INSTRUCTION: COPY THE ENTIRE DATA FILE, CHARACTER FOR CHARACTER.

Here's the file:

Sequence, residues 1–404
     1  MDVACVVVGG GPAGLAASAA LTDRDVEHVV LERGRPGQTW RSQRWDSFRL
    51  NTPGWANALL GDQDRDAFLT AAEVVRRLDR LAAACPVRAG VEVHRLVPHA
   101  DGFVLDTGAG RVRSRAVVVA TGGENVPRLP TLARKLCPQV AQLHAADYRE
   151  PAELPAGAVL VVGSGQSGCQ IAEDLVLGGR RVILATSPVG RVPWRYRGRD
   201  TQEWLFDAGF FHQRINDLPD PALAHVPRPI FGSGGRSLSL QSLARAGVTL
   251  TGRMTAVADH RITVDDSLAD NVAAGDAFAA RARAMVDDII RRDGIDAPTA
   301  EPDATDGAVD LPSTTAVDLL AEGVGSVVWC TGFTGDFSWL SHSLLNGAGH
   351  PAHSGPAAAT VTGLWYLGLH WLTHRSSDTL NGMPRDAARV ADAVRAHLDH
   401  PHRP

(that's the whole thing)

Sequence, residues 1–404
     1  MDVACVVVGG GPAGLAASAA LTDRDVEHVV LERGRPGQTW RSQRWDSFRL
    51  NTPGWANALL GDQDRDAFLT AAEVVRRLDR LAAACPVRAG VEVHRLVPHA
   101  DGFVLDTGAG RVRSRAVVVA TGGENVPRLP TLARKLCPQV AQLHAADYRE
   151  PAELPAGAVL VVGSGQSGCQ IAEDLVLGGR RVILATSPVG RVPWRYRGRD
   201  TQEWLFDAGF FHQRINDLPD PALAHVPRPI FGSGGRSLSL QSLARAGVTL
   251  TGRMTAVADH RITVDDSLAD NVAAGDAFAA RARAMVDDII RRDGIDAPTA
   301  EPDATDGAVD LPSTTAVDLL AEGVGSVVWC TGFTGDFSWL SHSLLNGAGH
   351  PAHSGPAAAT VTGLWYLGLH WLTHRSSDTL NGMPRDAARV ADAVRAHLDH
   401  PHRP